[Ibogaine] news, cops cant drug test for free anymore in az

DC in AZ dcollier9 at cox.net
Thu Jul 24 21:31:57 EDT 2008

police mafia rules
Donzo in tears
"Love converts hearts, and gives peace."

  ----- Original Message ----- 
  From: Dana Beal 
  To: The Ibogaine List 
  Sent: Thursday, July 24, 2008 5:43 PM
  Subject: Re: [Ibogaine] news, cops cant drug test for free anymore in az

  No! They're going to cut loose armed robbers!

  Wait a minute. 

  They ARE the armed robbers.


  On Jul 24, 2008, at 8:19 PM, Adam Nodelman wrote:

    I'm sure they will find a way...less rape kits or less surveillance of level 1 sex offenders is my guess.

    ----- Original Message ----
    From: DC in AZ <dcollier9 at cox.net>
    To: The Ibogaine List <ibogaine at mindvox.com>
    Sent: Thursday, July 24, 2008 12:20:52 PM
    Subject: [Ibogaine] news, cops cant drug test for free anymore in az

    By Howard Fischer
    Capitol Media Services

    Published on Thursday, July 24, 2008

    PHOENIX - A last-minute deal to balance the state budget could force local 
    police to choose between laying off workers or not pursuing certain crimes.

    The budget which Gov. Janet Napolitano helped craft cuts the state 
    allocation for the Department of Public Safety crime lab by more than half. 
    It also directs the agency to make up that difference by billing police, 
    fire and sheriff's departments and medical examiner's offices a total of 
    $7.8 million for lab work that, until now, was done for free.

    And because the budget deal was not made public until late June, it also 
    came after cities and counties already had adopted their own budget - 
    budgets which never counted on a new bill from DPS.

    Cochise County Sheriff Larry Dever said Wednesday that goes back on what 
    essentially was a promise made when tax dollars were used to set up the 
    crime lab in the first place - that the lab would provide services to police 
    agencies throughout the state.

    "I think it's a little outrageous," said Dever, whose agency would have to 
    pay $137,000 this year under a proposal crafted by DPS. More to the point, 
    he said it could hamper crime fighting efforts.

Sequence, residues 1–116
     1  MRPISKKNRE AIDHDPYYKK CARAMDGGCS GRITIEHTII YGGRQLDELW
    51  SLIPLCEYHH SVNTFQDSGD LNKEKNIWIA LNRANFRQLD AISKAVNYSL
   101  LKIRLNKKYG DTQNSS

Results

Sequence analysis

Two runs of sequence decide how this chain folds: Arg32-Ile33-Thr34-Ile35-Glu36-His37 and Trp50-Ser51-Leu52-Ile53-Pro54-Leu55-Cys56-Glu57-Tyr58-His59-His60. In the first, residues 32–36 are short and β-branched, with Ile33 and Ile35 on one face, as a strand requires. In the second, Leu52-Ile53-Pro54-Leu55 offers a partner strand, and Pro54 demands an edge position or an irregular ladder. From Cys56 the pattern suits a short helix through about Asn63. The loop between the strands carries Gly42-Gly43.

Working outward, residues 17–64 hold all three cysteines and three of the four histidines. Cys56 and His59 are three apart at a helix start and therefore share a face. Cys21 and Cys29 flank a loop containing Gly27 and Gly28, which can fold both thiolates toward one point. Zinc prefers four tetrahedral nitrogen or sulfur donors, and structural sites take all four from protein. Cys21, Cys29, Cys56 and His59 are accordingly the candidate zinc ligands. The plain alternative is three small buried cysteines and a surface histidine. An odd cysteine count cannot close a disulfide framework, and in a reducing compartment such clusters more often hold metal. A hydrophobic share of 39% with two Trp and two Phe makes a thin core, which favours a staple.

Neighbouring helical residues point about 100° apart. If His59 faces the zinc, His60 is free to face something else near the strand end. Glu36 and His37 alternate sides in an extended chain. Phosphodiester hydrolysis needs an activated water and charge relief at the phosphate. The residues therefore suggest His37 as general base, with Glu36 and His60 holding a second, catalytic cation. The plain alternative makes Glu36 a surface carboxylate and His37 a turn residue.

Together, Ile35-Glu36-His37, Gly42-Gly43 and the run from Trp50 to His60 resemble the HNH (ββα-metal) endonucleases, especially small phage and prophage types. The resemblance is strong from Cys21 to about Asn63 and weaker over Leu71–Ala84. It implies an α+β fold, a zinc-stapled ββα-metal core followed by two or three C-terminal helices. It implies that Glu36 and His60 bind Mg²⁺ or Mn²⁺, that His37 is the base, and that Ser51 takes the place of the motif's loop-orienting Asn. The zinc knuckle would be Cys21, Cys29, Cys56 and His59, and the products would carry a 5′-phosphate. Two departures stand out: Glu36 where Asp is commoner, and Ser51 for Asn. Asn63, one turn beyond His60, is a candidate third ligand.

"The dangerous part, of course, is that law enforcement agencies may be in a 
    position because of cost to have to kind of 'cherry pick' which cases they're 
    going to send up to the lab for analysis," Dever said. "A lot of potentially 
    useful information and lab analysis that we get that could lead to other 
    convictions down the road is going to be lost."

    Flagstaff Police Chief Brent Cooper, whose agency would need to come up with 
    more than $233,000, said he was particularly upset that no one bothered to 
    tell police chiefs and sheriffs this was even being considered. Now, Cooper 
    said, his department is going to have to figure out how to come up with the 
    cash without scrapping investigations.

    "I do pledge to the victims of our community that we will do everything we 
    can within our power to make sure that their cases are processed properly," 
    he said.

    The idea did not come from DPS.

    "We're not in favor of doing this," said Deputy DPS Director Pennie 
    Gillette-Stroud. But she said she recognizes that the state's economy has 
    resulted in not enough tax revenues to support all government services.

    "There had to be a way to be able to make attempts to balance the budget for 
    the state," she said.

    Napolitano echoed that theme, citing the $2 billion gap between anticipated 
    revenues and expenses.

    "The pain is going to have to be spread in many ways," she said.

    "In an ideal situation, sure, you would like to provide those services free 
    of charge," the governor continued. "But we weren't dealing with an ideal 

    Tom Kelly, a spokesman for the Apache Junction police department, called the 
    more than $121,000 hit to his department "devastating."